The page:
Militias, misogyny, mainstream Republicanism and the plot against Whitmer
AOC speaks on Capitol Hill after the sexist and racist attack on her by Rep. Ted Yoho. | AP

Last week, 13 members of the Wolverine Watchmen, a right-wing extremist Michigan militia group, were charged by federal and state officials in an alleged domestic terrorism plot to kidnap Governor Gretchen Whitmer.

Their plan was to put her on trial for treason, for violating the Constitution.  Her crime? Putting in place restrictions to curb the spread of COVID-19 throughout the state.  It’s not at all clear which article of the U.S. Constitution Whitmer was violating, but that’s never an issue with such extremist groups who invoke this guiding document in self-serving rhetorical terms to justify any action they wish to pursue.

While it is true that the Michigan Supreme Court recently declared Whitmer’s emergency orders unconstitutional because they extended beyond the duration allowed by the state’s 1976 Emergency Management Act, I wonder where these militiamen can find language in the U.S. Constitution for kidnapping a state leader and taking “due process” into their own hands.

While the federal complaint filed against the members of the Wolverine Watchmen indicated this kidnapping plot was part of a larger scheme to overthrow multiple state governments they believe were violating the Constitution, that Whitmer seemed to be the first target and that she seemed to inspire such a venomous response from these should push us to explore these motivations more deeply to understand more fully the sickness in America that is right-wing extremism.

Let’s start with some of the language these defendants used to talk about Governor Whitmer.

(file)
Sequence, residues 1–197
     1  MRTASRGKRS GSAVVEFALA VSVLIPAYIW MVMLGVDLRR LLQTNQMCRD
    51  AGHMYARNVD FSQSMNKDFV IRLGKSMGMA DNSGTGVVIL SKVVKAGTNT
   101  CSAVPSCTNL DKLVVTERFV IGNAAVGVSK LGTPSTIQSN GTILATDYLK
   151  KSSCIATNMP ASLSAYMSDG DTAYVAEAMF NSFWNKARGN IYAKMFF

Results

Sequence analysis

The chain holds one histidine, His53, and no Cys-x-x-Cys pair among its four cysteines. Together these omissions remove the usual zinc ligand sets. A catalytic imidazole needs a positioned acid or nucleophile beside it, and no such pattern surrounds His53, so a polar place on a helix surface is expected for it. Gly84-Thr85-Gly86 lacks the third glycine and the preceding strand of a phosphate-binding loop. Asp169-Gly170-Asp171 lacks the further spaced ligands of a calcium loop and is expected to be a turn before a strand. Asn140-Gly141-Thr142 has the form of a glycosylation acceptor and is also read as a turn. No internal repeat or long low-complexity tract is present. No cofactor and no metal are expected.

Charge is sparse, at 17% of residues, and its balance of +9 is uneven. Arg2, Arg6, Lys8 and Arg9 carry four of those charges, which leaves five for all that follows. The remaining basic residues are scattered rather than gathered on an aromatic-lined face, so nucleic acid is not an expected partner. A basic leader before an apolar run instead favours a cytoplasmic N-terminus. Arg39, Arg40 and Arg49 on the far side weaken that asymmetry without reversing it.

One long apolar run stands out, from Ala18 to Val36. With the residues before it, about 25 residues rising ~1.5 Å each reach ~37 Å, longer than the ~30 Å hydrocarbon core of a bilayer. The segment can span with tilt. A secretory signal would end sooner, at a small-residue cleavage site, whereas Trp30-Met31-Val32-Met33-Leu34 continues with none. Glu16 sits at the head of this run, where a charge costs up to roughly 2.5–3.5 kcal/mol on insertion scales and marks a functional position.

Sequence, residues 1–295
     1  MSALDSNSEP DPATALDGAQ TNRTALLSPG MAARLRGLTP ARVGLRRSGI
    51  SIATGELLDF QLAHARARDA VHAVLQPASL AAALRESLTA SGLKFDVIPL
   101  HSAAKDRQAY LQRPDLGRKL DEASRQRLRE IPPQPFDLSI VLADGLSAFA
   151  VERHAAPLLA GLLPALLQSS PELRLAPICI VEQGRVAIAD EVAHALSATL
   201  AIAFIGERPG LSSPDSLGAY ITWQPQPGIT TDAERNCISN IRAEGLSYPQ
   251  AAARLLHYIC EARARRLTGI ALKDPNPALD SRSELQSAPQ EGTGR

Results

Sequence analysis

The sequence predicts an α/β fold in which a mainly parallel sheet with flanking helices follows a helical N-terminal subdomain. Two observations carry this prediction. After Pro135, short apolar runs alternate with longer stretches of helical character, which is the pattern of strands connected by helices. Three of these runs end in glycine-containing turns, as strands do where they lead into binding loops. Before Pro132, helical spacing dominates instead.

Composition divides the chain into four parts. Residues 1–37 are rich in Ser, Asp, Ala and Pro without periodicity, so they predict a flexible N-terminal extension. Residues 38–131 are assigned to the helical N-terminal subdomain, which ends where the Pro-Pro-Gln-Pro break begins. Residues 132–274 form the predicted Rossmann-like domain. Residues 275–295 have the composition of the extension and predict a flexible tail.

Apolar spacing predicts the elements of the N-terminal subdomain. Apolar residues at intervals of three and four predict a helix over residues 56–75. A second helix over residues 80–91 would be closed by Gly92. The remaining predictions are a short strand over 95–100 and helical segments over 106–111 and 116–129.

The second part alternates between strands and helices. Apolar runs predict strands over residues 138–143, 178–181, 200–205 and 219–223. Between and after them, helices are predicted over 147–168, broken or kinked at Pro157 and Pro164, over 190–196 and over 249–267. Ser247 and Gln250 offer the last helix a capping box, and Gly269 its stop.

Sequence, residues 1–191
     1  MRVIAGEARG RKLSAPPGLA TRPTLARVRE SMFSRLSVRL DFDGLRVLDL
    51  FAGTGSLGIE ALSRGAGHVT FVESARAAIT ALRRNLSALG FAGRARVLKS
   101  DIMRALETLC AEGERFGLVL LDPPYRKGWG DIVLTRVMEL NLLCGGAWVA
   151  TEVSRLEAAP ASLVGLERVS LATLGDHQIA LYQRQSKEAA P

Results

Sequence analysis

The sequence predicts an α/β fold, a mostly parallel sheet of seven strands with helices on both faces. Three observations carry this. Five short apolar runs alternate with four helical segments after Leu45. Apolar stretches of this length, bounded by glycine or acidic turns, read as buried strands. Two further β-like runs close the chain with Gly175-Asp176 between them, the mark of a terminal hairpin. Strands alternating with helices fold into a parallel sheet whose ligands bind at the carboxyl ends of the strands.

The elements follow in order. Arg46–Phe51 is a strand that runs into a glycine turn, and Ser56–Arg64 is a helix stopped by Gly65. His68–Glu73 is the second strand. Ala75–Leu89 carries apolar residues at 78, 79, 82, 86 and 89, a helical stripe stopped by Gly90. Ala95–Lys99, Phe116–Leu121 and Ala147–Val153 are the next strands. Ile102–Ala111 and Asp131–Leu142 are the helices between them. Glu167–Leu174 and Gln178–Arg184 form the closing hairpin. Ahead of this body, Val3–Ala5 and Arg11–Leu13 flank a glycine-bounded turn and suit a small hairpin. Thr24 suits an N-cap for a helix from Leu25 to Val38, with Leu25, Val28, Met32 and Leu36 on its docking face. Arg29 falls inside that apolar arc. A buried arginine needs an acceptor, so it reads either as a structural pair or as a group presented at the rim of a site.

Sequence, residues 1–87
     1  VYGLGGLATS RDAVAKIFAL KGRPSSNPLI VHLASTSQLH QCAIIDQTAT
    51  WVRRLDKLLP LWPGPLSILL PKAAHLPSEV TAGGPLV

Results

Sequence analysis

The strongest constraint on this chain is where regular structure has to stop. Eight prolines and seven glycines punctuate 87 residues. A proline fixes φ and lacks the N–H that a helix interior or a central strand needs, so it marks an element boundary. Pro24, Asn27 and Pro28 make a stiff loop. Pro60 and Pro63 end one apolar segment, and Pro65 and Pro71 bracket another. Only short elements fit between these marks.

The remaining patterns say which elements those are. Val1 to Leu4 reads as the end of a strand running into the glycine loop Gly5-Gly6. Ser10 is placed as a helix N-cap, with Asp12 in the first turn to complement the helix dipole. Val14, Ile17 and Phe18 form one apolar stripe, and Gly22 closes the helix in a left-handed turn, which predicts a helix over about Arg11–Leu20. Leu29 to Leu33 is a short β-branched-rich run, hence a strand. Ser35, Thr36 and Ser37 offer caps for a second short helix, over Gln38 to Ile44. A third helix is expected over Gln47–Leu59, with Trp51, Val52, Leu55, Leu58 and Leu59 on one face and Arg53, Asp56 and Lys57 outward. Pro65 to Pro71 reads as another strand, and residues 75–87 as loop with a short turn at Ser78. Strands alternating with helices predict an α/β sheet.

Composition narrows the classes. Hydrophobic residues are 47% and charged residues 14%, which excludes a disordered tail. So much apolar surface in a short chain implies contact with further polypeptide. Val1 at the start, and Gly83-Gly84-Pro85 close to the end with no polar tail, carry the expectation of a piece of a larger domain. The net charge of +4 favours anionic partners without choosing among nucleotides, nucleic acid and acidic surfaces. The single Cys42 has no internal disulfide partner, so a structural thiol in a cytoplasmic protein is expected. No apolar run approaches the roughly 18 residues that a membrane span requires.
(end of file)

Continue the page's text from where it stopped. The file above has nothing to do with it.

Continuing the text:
One referred to her as “this tyrant b****.”

Another, in laying out a possible plot, allegedly said, “Snatch and grab, man. Grab the f****** governor. Just grab the b****. Because at that point, we do that, dude—it’s over.”

Does this language resonate with other newsworthy hostilities expressed toward women of late? I know such hostility and such language are so commonplace and seemingly acceptable in our culture that it might be hard to isolate any one incident. So I’ll just tell you what I’m thinking about.

Let’s recall last July when Rep. Ted Yoho called Rep. Alexandria Ocasio-Cortez a “fucking b****” on the steps of the Capitol.

These powerful echoes of Yoho’s verbal assault on AOC found in the words of the Wolverine Watchmen suggest that when it comes to misogyny, or more particularly to the dehumanization of women that underwrites and culturally ratifies violence against women, the supposed extremism of right-wing militia movements shares quite a bit with mainstream Republican thought at work in the halls of Congress.

Republicans were largely silent when it came to condemning Yoho. The loudest Republican voices, such as that of House minority leader Kevin McCarthy, tended actually to condemn Ocasio Cortez for not accepting Yoho’s multiple lame non-apologies, in which he excused himself for simply being “passionate” about the issues he cares about.